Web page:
Adding ultrasound to breast screening provides better detection for womenOctober 14th, 2015
Adding ultrasound to standard mammography tests in breast screening could result in improved rates of detection for breast cancer in women in Japan, according to a new study, published in The Lancet.
Researchers led by Professor Noriaki Ohuchi, from Tohoku University Graduate School of Medicine, in Japan, recruited more than 70,000 women aged between 40 and 49 to participate in the trial. Half were offered the usual mammography screening, and half were offered ultrasound testing in addition to mammography, with two screening sessions taking place over two years.
The results show that ultrasound combined with mammography resulted in correct identifications of cancer in more than 9 out of 10 cases (91% sensitivity), whereas for women given mammography alone, just over three quarters of tests correctly identified breast cancer (77% sensitivity).
Breast cancer already affects large numbers of women in Europe and the US, but rates are increasing rapidly in Japan and other Asian countries. Early detection and treatment is critically important for reducing deaths from the disease.
In Asia, breast cancer tends to present at an earlier age than in Europe or the US, and Asian women have denser breast tissue, both of which are known to reduce the accuracy of mammography.
This study is line with research funded by NBCF into early detection, breast screening and breast density, which seek better outcomes for women, especially younger women who have denser breast tissue and are more likely to be diagnosed with aggressive forms of the disease.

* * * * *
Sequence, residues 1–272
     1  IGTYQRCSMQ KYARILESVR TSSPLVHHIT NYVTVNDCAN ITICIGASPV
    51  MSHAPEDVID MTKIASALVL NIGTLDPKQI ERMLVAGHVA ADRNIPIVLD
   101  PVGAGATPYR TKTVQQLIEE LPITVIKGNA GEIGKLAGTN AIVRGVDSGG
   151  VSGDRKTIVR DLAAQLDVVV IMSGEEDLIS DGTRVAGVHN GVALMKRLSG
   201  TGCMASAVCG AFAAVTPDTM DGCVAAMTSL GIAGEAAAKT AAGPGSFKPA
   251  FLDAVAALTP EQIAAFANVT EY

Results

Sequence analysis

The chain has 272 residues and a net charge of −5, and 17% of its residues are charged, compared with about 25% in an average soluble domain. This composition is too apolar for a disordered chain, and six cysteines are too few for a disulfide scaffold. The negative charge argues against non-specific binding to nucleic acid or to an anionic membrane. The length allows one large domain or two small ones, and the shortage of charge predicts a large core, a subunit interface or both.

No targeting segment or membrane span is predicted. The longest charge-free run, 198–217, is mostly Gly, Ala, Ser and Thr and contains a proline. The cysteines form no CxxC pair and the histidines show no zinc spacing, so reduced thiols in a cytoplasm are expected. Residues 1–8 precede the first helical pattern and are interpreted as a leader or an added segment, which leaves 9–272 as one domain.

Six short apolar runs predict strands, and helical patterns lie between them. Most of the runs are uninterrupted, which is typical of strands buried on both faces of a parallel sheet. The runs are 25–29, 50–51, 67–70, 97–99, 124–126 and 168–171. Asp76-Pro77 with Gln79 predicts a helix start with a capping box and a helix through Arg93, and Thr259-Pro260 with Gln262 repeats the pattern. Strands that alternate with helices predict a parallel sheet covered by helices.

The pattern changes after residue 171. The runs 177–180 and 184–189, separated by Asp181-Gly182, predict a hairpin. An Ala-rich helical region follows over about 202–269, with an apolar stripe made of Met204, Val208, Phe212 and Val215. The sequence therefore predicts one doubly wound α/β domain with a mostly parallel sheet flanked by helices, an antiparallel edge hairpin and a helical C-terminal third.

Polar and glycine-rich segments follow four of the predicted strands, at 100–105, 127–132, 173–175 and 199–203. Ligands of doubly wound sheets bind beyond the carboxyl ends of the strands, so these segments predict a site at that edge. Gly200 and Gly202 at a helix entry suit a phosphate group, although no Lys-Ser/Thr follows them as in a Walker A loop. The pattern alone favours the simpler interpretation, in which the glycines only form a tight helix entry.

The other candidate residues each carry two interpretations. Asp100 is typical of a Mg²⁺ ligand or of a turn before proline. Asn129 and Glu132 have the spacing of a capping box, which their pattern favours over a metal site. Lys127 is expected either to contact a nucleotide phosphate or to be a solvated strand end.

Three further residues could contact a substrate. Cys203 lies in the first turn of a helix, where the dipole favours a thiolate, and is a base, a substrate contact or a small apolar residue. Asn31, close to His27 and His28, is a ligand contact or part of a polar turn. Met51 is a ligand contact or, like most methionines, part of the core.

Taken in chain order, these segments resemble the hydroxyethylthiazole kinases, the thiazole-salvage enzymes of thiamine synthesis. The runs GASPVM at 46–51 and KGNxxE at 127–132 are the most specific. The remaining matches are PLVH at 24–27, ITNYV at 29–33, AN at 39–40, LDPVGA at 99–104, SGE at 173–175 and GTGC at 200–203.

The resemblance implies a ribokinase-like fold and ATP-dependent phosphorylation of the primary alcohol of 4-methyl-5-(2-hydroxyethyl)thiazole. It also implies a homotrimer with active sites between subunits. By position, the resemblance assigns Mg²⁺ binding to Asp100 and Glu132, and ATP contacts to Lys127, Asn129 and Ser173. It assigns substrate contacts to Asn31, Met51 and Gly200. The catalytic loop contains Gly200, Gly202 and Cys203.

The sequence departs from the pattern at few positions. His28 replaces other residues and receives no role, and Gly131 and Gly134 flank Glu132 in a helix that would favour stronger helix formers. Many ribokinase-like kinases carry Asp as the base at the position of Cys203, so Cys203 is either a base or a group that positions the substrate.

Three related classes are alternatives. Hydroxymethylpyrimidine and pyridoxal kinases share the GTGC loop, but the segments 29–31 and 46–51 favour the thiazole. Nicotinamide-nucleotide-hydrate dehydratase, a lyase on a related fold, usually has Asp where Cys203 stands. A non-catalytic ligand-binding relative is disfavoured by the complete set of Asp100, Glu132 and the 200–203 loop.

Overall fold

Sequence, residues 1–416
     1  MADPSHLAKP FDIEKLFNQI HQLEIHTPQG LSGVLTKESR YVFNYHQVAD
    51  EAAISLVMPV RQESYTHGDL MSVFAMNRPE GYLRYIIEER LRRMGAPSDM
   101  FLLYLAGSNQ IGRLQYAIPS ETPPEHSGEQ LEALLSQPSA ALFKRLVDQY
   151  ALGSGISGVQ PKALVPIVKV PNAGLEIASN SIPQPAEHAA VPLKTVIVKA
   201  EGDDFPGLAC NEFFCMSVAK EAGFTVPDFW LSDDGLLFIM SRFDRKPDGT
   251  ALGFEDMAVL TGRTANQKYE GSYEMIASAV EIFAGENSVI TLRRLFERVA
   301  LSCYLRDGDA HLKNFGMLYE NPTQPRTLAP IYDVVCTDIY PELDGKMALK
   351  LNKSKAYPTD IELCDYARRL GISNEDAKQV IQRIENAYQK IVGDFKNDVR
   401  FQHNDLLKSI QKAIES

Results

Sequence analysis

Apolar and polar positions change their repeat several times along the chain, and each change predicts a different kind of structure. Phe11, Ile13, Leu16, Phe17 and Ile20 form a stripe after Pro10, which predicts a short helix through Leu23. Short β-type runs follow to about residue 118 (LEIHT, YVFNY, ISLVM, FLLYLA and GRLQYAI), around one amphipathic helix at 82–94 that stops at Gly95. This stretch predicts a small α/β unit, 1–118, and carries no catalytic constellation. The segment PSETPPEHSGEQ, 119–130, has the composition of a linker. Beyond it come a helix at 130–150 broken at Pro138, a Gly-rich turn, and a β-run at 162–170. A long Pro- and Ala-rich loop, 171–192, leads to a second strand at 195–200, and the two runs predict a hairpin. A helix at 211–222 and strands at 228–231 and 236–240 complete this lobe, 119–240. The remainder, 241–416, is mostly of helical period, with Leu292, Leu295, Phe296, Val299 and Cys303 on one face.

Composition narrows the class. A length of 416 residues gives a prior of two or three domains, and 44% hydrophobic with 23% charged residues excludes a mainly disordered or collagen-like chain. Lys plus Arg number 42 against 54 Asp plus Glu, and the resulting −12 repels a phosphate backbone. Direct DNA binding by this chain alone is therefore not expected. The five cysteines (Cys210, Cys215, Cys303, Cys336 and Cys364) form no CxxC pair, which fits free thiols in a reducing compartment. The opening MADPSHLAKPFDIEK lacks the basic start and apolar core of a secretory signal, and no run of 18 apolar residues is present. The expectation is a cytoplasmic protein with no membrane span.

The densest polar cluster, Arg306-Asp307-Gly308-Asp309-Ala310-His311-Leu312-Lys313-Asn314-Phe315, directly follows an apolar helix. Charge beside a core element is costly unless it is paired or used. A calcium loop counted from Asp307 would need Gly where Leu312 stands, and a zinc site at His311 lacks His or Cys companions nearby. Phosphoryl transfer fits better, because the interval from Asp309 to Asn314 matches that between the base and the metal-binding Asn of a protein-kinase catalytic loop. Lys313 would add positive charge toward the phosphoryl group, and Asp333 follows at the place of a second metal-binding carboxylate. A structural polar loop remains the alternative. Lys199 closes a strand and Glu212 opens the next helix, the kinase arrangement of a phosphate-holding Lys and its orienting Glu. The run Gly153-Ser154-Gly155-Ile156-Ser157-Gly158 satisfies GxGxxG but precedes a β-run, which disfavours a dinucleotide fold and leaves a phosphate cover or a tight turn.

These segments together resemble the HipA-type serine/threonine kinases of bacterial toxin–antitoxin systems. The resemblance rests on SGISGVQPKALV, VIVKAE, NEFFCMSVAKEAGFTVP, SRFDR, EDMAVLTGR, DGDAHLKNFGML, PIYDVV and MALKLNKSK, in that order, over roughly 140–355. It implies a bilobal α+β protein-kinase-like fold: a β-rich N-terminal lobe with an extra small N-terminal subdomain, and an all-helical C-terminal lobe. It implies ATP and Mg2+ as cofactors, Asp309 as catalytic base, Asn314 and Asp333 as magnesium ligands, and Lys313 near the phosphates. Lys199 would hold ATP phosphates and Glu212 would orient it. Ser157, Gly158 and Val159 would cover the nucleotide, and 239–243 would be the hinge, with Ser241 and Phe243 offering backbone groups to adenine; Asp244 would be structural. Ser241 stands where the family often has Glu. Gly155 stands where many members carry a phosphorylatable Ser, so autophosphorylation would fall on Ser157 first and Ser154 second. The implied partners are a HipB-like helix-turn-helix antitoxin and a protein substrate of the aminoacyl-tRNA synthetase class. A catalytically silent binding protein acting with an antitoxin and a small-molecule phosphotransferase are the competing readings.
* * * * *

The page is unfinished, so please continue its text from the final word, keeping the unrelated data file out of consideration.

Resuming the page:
While previous studies have suggested that the addition of ultrasound might lead to an excessively high rate of ‘false positive’ results (where screening results falsely indicate that a cancer is present), the results from this study suggest that the difference in false positive rates between the two testing protocols was small, and could be further reduced by ensuring that mammography and ultrasound test results are analysed together.
“Our results suggest that adding ultrasound to mammography results in more accurate screening results for women in Japan, which could ultimately lead to improved treatment and reduced deaths from the disease.
“Further work will now be needed to see if these results can be extended to other countries in Asia. In addition, long-term follow-up of these results will determine whether including ultrasound tests in breast cancer screening ultimately affects the likelihood of successful treatment and survival, as we would expect,” says Professor Ohuchi.
NBCF’s acting CEO, Jackie Coles, was interviewed about this study on Channel 9, where she provided advice for women on how to be breast aware.